A HALF DOZEN MEN sat around a flimsy folding table in the center of the Miracles Club on NE MLK last Wednesday afternoon, September 10, playing one of the more raucous games of dominoes Portland has ever seen. "It's vicious, it's like the Thunderdome of dominoes," called out one man, slapping a piece on the table.
Miracles Club is a place Portlanders with addiction problems have come to for safe and sober socialization for 16 years—stopping by all day and into the night for card games, poetry readings, and Alcoholics Anonymous meetings. When their boxy retro building was sold to high-rise developers two years ago, Miracles Club secured city funds to help build a new space right nearby. Now, the recently elected King Neighborhood Association leaders want to build a fence between Miracles and the rest of the street.
It's easy to see why neighbors might get annoyed living next to Miracles. On breaks from dominoes and AA meetings, the club members smoke cigarettes on the street outside and carry on loud, shouting conversations. Some weekend nights, the club hosts high-volume dances. But for its members and others, the club is an important service in the neighborhood around NE MLK and Shaver, providing a space for 21 support groups to meet weekly and 100-200 recovering addicts who hang out daily at the club.
While discussing Miracles' move into a planned four-story building topped with transitional housing for people in addiction treatment programs, the King Neighborhood Association recently demanded the design include a fence along the back of the property, arguing a fence was necessary to control car traffic at the club.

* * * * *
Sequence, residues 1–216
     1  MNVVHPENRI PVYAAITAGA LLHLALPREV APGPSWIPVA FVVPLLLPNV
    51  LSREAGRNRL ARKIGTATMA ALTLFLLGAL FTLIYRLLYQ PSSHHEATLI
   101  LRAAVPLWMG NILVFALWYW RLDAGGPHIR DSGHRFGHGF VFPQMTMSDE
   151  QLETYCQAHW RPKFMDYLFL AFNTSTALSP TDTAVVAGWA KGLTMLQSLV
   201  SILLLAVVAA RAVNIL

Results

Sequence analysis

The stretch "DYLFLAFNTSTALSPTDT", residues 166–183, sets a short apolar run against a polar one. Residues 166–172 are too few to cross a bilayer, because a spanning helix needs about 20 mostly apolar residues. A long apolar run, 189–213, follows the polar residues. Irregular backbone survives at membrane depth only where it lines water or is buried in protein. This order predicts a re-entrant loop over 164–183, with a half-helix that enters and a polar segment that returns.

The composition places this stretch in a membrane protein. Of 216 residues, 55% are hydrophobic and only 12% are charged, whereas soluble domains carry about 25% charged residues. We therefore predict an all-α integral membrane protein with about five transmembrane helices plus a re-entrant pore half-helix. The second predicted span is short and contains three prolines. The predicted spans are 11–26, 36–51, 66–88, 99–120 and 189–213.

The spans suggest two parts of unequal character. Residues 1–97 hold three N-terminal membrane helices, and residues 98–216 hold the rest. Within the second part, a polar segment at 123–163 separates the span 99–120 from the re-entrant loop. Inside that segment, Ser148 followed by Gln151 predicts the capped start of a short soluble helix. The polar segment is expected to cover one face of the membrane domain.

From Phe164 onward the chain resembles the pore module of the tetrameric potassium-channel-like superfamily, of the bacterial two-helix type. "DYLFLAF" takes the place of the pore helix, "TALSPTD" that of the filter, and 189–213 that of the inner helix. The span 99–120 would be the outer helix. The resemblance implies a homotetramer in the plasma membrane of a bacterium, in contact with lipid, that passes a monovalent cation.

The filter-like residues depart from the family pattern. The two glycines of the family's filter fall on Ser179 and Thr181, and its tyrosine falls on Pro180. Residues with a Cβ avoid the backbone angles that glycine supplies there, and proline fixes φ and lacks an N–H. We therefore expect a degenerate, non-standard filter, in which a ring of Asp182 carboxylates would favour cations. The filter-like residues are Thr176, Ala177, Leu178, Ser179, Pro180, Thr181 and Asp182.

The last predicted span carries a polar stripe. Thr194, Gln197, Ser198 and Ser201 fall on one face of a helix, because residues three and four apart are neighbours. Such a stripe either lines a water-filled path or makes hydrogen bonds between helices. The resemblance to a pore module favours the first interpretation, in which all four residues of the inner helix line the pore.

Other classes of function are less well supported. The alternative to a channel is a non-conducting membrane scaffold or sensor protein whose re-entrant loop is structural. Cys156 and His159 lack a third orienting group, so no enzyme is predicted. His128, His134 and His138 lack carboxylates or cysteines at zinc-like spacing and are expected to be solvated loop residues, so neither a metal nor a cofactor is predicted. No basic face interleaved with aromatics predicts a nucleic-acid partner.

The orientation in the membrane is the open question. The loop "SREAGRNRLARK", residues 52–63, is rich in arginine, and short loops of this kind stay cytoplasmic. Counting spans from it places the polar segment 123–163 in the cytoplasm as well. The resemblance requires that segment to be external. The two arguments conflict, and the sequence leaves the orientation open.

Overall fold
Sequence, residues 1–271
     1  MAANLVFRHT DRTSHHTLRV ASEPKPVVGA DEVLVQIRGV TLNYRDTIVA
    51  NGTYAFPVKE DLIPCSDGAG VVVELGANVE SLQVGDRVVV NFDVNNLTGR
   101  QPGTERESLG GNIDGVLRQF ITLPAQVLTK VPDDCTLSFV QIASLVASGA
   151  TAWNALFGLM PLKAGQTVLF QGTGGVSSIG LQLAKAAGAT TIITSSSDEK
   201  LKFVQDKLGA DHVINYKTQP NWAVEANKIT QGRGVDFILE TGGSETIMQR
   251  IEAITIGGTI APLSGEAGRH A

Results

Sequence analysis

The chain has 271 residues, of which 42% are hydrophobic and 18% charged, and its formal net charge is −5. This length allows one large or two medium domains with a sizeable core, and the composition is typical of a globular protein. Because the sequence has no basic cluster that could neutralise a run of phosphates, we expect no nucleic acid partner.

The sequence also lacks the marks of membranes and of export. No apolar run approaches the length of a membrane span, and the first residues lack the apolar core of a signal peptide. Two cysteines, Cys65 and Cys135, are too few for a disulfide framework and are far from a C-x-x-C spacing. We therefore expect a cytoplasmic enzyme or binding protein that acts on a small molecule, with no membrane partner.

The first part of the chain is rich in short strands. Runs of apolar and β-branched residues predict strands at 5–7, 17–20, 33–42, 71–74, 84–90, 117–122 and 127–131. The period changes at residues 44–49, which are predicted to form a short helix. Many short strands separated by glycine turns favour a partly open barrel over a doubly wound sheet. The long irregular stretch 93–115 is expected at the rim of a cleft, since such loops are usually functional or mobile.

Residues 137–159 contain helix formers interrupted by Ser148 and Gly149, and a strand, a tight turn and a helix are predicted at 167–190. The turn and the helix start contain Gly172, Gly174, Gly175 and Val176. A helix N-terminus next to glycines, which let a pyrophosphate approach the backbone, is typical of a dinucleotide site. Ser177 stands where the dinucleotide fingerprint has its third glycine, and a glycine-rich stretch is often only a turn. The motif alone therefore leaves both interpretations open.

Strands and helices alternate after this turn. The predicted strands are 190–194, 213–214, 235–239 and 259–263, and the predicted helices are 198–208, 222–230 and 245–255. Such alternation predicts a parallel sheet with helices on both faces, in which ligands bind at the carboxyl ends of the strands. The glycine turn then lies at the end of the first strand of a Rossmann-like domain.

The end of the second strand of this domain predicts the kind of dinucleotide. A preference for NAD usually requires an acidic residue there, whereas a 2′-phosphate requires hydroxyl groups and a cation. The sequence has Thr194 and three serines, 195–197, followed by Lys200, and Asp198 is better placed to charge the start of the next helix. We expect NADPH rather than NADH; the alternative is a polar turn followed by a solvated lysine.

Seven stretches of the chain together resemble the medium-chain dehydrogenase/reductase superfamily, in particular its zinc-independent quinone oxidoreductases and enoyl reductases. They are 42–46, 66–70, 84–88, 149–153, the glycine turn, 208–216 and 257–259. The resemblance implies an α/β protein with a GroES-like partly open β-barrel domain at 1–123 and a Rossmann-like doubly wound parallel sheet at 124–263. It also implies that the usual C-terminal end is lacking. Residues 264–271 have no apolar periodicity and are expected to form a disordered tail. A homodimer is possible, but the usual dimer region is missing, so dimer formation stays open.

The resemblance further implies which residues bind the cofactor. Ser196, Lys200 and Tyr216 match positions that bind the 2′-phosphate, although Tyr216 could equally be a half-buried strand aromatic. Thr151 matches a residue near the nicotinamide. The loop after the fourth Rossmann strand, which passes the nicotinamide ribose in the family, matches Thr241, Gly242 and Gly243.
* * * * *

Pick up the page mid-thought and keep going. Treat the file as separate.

Gary Marschke, president of the North/Northeast Business Association, sees the neighborhood split on the subject of Miracles. "Older neighbors see it as a service and an asset. They're a safe and supportive environment that's kept the folks who come to them off the street," he says, believing that new neighbors are more inclined to find the club annoying for three reasons: "It's loud, it's black, and it's smoky."
Miracles supporters say the desire for a fence would physically segregate the recovering addicts from the community. Celeste Carey of the Northeast Coalition of Neighborhoods believes there "are better ways to mitigate traffic problems that would work just as well" and a fence could damage the cohesiveness and visibility of the community. But Herman Bryant, Miracles Club director, says they will change the design to include a fence. Bryant takes his cues from the 12-step program and says being conciliatory with neighbors is better than "rocking the boat over cultural differences."
"We'd be spending all of our will on showing that we've got the money and power to do it," says Bryant, holding a giant black binder of development plans under his arm. "What I'm interested in is getting a stable community for Miracles."
King Neighborhood Association did not return multiple requests for comment by press time.